IRS Wage Garnishment

What is an IRS Wage Garnishment?

Wage garnishment is an extreme tactic used to collect taxes. It permits the IRS to seize money and property. The IRS can take your wages, money from your bank or financial accounts, attach your Social Security or Pension, and in some cases seize vehicles, real estate or personal property.

The IRS doesn’t need to go to court to garnish your wages. They issue a levy and contact your employer requiring them to send all but a portion of your wages to the IRS. A wage garnishment stays in place until it’s paid off, or until it is released using the appropriate remedies. Your employer is required to wait one pay period before implementing a garnishment.

Usually, the first communication will be a letter stating how much you owe. The amount owed will include penalties and interest. The letter will advise you of a date to pay the balance, or make other arrangements. If you are unable to pay, or if you fail to respond, the IRS will send additional notices with increasingly hostile threats. If you continue to ignore these notices, you will receive a “Notice of Intent to Levy” the last step before a wage garnishment. If you are assigned to a Revenue Officer they can come to your house or place of work.
The IRS can take most of your money. The exact amount is calculated by determining what portion of your wage is exempt. For example; if you have $500 in exempt income and make $1000 a week, the IRS will take $500. If you make $2000 with $500 exempt, they will take $1500, and so on. This table from the IRS will tell you how much money you will be allowed to keep.

Stopping Wage Garnishment from the IRS can be difficult, but we’re here to help. The following is directly from the IRS website:

If the IRS levies (seizes) your wages, that money is sent to the IRS each pay period until:
You make other arrangements to pay your overdue taxes.
The amount of overdue taxes you owe has been paid.
The levy is released.
Unless the IRS agrees to some resolution, there are only a few options that can force the IRS to stop your garnishment:
Pay your tax in full.
The statute of limitations expires.
You file for bankruptcy protection (this may not erase what you owe in taxes).
You submit for an Offer in Compromise, or a payment plan.
You show a “hardship” via financial documentation.

The IRS has ten years to collect your delinquent taxes starting when the tax is assessed. Once the statute of limitations expires, for the most part, this is the end to your tax problems. It is important to note filing an offer in compromise, bankruptcy, innocent spouse request, or appeals will stop the running of the statute of limitations.

If you are thinking of waiting out the IRS, you might want to reconsider. The IRS becomes increasingly more aggressive the closer your delinquency gets to its expiration date. You should consider a professional resolution group to contact the IRS and monitor the “status” of your debt.

You can “stay” a wage garnishment through the appeals process. You can file a Collection Due Process Appeal if your request is postmarked within 30 days of recieving the Notice of Intent to Levy and Notice of Your Right to a Hearing. You can represent yourself in a CDP hearing. This is rarely the path of least resistance and can actually worsen the problem. You can appeal for two reasons: 1. Doubt as to liability (you don’t think you owe the amount they claim) or, 2. The levy/garnishment will create an “undue hardship” (you can’t pay your basic living expenses with the levy in place).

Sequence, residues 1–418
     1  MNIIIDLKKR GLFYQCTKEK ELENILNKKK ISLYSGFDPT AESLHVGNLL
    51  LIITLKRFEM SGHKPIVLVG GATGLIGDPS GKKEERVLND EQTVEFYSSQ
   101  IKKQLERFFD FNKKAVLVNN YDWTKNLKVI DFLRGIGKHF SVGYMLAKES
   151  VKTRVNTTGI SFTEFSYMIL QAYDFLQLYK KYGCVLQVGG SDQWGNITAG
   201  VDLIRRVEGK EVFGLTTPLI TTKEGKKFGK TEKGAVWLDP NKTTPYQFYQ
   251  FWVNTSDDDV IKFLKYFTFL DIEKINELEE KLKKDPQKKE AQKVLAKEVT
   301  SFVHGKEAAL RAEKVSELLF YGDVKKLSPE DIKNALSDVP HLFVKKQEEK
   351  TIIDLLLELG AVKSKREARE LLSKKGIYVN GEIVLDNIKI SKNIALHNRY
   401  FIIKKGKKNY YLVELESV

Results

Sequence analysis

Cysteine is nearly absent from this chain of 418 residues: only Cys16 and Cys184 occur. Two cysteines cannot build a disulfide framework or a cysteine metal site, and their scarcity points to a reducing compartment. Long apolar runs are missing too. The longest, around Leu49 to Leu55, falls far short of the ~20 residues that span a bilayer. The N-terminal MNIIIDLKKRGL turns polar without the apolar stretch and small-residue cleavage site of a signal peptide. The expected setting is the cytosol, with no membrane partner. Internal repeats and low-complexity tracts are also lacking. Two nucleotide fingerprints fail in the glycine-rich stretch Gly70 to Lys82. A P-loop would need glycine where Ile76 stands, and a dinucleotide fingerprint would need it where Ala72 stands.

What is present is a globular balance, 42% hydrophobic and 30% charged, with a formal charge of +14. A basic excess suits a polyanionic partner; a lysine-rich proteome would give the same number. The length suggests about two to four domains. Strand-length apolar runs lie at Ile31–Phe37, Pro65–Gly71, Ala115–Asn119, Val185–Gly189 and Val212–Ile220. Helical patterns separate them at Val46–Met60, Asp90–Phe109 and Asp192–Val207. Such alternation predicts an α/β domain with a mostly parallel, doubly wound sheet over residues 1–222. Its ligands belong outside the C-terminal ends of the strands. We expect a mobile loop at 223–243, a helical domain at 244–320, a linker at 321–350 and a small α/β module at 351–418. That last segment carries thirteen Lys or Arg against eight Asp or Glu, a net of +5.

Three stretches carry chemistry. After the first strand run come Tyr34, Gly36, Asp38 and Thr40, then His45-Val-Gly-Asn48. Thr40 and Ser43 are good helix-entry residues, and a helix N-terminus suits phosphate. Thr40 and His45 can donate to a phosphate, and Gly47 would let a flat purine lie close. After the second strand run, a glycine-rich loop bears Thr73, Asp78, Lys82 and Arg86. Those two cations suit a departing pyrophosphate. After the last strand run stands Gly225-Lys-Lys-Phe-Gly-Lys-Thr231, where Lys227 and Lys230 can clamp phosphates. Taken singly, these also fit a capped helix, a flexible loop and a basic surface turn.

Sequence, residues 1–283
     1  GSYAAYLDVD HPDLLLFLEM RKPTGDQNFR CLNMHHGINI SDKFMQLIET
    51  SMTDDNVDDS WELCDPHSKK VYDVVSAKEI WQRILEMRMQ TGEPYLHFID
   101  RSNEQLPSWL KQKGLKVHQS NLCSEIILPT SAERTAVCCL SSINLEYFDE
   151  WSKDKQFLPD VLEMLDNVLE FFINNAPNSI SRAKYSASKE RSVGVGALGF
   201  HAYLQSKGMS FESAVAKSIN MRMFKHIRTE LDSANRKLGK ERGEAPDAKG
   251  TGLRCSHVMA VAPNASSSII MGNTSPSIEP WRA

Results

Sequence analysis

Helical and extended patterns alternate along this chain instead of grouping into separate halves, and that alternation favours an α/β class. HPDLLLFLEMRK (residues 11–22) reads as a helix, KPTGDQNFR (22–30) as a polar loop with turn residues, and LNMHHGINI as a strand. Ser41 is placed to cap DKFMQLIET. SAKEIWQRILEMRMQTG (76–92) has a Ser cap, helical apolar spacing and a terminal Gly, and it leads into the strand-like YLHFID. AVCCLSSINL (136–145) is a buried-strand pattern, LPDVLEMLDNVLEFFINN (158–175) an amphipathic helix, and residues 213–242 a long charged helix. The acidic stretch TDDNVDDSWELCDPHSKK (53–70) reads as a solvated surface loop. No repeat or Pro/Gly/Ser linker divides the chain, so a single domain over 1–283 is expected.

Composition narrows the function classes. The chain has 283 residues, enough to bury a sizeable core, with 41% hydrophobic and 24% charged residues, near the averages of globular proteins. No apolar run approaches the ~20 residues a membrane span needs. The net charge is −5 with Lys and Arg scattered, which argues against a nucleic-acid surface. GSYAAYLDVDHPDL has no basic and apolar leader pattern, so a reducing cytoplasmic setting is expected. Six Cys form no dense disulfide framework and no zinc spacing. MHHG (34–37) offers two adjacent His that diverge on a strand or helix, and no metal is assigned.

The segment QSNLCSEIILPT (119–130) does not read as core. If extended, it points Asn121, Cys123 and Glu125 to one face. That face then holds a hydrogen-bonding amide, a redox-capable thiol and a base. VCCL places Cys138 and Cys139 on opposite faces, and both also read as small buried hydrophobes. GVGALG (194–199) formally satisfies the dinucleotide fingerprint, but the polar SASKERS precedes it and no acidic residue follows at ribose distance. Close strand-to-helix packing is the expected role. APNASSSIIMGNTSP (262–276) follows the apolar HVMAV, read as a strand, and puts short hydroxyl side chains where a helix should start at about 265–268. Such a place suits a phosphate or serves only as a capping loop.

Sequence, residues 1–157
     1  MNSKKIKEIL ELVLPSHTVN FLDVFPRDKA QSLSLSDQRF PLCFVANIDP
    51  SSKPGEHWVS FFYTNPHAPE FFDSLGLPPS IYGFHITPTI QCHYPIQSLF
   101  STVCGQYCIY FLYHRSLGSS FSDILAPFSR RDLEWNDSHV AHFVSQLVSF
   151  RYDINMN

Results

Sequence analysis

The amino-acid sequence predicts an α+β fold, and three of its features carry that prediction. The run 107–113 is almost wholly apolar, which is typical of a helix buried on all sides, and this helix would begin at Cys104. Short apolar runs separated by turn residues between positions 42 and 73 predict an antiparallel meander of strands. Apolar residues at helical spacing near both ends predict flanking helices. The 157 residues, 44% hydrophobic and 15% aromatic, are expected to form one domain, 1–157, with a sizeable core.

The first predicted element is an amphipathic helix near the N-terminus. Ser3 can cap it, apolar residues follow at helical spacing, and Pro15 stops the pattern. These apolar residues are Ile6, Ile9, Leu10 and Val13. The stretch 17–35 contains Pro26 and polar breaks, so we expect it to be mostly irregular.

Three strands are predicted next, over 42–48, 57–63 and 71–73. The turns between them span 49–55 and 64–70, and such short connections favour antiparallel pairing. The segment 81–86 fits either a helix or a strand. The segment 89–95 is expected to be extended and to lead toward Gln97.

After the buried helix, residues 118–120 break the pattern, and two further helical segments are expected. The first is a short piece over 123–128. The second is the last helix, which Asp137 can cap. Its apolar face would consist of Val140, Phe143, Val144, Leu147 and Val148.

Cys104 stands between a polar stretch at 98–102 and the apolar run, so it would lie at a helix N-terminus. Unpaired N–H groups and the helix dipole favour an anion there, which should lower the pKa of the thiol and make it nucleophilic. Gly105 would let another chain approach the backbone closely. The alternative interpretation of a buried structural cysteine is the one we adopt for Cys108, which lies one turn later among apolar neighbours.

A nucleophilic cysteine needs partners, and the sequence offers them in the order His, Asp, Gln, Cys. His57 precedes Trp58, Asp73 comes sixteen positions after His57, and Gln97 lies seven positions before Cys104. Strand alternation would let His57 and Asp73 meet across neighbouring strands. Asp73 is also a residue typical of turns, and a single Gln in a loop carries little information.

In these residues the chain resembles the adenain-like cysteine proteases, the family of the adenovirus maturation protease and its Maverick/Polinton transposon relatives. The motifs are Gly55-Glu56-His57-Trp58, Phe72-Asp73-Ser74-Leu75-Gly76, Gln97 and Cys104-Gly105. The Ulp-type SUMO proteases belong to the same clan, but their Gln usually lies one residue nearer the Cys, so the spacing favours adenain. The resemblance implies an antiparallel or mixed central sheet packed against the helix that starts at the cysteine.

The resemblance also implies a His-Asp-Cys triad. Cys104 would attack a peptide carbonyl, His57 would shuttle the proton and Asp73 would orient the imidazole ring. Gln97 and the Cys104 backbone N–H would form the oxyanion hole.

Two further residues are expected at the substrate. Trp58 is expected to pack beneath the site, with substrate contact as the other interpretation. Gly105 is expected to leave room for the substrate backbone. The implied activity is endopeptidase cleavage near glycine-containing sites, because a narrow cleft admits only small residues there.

Tax relief can take on many forms. You need a solution that resolves your IRS issues once and for all. It is important to research your options if you are going to try this on your own. Remember, experience dealing with the IRS is invaluable. What you read on-line is only a start, and often times wrong. You want the best possible outcome, and there can be many different outcomes. Be careful of companies who give you a quick remedy. It is common in the tax industry to over-promise just to get your business. Commissioned sales people with limited knowledge of IRS guidelines will tell you “what you want to hear.” What is delivered can be far different. Here are some tips to help keep you safe: What are the credentials of the person doing your initial interview? A “Tax Consultant” = commissioned sales person. Never prepay, or pay a large deposit. A reputable tax resolution firm will work with you on a payment plan you can afford. Have them detail the work they will be doing on your behalf, in writing. Know the total cost. If something seems too good to be true, it probably is. Advising someone of a resolution to their tax problem requires education, experience and knowledge. At a minimum, you need to know a taxpayers assets, income, expenses, employment, age, dependents and more. If you are talking to someone who is not asking these questions you should be skeptical. Many firms outsource their work. Ask who you will be working on your case, and what are their credentials. Reputable firms offer a money back return. Ask about it and see if it is posted on their website, and if they will put it in writing.

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